San Gimignano History
This small Etruscan village, named after the Holy Bishop of Modena, St. Gimignano, who, it is said, saved the town from barbarian hordes, increased its wealth and flourished during the Middle Ages due to the town's "Via Francigena", a route taken by traders and pilgrims. It enjoyed a period of great splendor in poetry, art, and architecture until long periods of internal and external strife caused St. Gimignano to lose its prestige and splendor. The peace and thriving success of the little town was to be disrupted for hundreds of years.
Internal power struggles divided its citizens into two factions, the Guelphs, headed by the Ardinghelli family, and the Ghibellines, headed by the Salvucci family, and in 1348 the town population was drastically reduced by the Black Death Plague throwing the city into a serious crisis that eventually led to its submission to Firenze in 1353. It took centuries for San Gimignano to overcome its decline and isolation and to recapture its beauty, cultural importance and agricultural heritage.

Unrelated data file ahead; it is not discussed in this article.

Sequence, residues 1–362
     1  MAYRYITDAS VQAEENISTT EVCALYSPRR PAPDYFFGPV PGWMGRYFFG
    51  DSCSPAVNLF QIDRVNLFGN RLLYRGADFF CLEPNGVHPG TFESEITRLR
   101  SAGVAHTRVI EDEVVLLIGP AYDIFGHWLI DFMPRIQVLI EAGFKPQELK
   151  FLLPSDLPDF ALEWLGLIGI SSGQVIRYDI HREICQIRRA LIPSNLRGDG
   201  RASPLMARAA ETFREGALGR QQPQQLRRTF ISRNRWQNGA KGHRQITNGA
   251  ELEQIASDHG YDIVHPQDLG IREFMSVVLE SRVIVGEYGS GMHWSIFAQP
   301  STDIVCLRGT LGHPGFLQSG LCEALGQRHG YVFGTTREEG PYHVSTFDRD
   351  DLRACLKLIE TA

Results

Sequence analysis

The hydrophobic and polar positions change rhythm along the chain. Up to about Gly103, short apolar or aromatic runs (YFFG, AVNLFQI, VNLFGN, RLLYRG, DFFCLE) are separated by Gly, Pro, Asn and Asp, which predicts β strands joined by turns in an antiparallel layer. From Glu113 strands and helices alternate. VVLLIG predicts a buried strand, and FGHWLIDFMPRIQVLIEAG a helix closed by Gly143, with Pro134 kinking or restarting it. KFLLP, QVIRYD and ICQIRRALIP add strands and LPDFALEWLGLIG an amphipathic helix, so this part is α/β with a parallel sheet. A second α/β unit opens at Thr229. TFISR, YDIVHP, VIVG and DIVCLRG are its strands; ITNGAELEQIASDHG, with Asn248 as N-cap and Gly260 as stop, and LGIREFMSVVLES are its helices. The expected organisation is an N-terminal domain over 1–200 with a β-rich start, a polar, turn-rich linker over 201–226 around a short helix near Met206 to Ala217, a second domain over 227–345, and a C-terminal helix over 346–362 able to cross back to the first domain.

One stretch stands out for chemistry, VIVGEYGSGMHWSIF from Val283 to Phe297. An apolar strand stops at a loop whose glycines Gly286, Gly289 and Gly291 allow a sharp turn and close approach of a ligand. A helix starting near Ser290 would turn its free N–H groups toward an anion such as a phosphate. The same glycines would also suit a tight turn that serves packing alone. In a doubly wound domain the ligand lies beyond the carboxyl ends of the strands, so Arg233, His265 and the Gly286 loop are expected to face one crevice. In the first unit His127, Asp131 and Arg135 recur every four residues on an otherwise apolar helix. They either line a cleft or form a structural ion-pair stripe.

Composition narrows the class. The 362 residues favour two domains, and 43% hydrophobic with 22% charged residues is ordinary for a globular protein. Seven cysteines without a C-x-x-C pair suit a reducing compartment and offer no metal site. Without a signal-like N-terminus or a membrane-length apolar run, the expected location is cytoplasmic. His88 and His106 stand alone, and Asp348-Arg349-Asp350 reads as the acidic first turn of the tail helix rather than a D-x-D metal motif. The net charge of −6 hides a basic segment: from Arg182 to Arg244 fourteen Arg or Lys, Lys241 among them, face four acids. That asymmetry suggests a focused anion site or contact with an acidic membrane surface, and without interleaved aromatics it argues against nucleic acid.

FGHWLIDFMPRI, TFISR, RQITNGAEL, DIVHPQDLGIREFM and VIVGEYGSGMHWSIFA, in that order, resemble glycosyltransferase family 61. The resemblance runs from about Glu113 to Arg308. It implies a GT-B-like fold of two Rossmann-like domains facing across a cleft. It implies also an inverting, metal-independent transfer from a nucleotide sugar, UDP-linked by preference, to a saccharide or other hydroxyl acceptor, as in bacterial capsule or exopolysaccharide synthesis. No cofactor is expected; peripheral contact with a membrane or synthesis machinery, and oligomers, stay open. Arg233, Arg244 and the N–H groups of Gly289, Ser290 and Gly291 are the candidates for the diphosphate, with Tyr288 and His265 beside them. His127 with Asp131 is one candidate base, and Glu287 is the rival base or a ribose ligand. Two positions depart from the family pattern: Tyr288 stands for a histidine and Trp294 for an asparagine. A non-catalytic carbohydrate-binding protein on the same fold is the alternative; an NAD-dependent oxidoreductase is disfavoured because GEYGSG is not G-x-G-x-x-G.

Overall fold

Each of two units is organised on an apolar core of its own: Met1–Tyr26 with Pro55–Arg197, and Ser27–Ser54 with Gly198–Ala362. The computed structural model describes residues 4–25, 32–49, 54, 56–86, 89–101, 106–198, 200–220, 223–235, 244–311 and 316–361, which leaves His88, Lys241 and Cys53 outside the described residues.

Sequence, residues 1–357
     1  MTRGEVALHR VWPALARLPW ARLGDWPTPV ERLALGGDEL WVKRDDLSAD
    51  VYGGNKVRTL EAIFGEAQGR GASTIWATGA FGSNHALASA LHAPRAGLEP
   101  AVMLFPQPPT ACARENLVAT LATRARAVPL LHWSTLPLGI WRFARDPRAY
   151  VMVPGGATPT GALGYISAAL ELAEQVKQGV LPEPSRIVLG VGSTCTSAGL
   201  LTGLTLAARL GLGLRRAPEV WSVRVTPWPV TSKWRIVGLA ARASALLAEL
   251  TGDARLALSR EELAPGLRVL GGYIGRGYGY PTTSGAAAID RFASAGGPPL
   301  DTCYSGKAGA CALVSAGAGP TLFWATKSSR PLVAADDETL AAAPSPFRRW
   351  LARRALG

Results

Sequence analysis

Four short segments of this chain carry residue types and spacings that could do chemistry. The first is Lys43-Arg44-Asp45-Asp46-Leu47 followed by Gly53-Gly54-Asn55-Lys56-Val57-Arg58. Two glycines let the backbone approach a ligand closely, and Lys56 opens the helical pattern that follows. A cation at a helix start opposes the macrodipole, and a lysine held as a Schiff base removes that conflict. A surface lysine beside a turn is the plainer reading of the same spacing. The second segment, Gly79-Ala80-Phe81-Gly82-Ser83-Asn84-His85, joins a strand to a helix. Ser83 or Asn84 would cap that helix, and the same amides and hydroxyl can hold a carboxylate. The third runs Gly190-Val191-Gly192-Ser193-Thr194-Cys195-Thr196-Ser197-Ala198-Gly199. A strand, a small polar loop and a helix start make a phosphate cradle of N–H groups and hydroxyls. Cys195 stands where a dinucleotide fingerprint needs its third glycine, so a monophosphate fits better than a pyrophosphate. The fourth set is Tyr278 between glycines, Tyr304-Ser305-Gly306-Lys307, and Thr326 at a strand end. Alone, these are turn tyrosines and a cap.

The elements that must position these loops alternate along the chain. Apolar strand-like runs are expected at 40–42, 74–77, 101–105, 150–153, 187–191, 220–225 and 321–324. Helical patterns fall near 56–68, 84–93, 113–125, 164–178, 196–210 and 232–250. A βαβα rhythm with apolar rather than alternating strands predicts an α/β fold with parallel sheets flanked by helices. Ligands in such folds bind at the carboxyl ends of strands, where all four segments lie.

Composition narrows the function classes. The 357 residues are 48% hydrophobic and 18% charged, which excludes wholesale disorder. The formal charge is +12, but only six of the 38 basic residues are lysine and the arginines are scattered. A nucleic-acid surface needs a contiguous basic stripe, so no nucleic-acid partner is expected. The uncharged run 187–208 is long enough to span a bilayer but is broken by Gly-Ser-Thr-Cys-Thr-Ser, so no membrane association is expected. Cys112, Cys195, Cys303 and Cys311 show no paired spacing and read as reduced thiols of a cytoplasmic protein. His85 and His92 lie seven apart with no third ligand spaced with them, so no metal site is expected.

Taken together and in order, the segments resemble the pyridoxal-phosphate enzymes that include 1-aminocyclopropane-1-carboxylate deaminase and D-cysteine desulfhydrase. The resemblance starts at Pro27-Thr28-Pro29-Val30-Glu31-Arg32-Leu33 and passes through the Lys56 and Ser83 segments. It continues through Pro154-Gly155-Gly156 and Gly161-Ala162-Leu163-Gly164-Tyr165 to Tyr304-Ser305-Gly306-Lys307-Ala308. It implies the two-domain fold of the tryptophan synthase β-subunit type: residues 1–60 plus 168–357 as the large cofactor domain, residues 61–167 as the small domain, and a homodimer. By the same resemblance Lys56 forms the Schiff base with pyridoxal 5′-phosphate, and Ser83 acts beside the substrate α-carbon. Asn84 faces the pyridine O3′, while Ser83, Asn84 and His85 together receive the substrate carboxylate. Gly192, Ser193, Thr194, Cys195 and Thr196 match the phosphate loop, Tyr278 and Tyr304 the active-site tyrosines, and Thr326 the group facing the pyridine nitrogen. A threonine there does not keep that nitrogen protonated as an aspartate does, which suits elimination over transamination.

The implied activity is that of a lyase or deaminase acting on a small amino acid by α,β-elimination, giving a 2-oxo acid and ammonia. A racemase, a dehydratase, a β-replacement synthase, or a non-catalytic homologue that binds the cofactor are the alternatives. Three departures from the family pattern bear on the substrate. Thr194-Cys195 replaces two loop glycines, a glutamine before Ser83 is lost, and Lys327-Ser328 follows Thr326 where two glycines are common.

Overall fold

Legend has it that the towers of San Gimignano were covered in gold. Very possibly, the "gold" referred to was the spice saffron -- a purple flower with bright orange center parts, used for seasoning or as a food dye. San Gimignano was the major Italian producer of saffron, which was grown along the Val d'Elsa below the town, and the town's exportation of this spice, used in exchanges and trade and as a replacement for money, made the town rich! Attracting people from the surrounding countryside, San Gimignano boasted 7000 inhabitants in 1227, almost the same number of inhabitants today -- commerce flourished and the merchants gave generously to build fountains, pave squares, and erect the churches that remain today.